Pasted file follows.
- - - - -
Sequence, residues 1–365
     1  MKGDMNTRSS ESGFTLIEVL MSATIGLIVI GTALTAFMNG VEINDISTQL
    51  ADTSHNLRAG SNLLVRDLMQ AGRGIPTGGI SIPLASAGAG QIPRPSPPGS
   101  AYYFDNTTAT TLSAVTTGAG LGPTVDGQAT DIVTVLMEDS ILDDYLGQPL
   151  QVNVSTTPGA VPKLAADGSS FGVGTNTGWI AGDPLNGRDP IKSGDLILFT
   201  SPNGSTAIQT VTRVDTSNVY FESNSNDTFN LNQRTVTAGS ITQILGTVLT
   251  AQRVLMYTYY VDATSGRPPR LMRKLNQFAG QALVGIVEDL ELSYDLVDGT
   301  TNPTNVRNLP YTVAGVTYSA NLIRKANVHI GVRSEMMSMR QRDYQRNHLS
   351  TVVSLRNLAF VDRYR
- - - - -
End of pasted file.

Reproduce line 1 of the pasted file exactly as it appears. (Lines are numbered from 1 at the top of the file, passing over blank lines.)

Sequence, residues 1–365